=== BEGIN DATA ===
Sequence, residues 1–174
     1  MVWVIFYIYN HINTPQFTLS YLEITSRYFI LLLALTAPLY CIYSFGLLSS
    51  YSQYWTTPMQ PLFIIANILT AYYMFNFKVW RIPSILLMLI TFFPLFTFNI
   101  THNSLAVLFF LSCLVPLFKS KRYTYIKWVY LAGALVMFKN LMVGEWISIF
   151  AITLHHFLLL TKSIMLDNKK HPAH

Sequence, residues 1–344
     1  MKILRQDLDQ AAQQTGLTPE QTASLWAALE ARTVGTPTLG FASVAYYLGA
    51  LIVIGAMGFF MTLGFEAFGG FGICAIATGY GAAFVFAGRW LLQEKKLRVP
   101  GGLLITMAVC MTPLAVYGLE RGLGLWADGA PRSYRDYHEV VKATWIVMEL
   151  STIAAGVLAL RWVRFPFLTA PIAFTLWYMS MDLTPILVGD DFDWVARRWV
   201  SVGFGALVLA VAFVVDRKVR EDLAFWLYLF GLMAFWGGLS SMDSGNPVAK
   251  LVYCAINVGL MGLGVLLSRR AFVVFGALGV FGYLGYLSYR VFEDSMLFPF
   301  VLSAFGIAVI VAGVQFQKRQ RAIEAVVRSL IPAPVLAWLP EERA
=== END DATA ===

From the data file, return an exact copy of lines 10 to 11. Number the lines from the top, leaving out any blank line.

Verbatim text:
   151  STIAAGVLAL RWVRFPFLTA PIAFTLWYMS MDLTPILVGD DFDWVARRWV
   201  SVGFGALVLA VAFVVDRKVR EDLAFWLYLF GLMAFWGGLS SMDSGNPVAK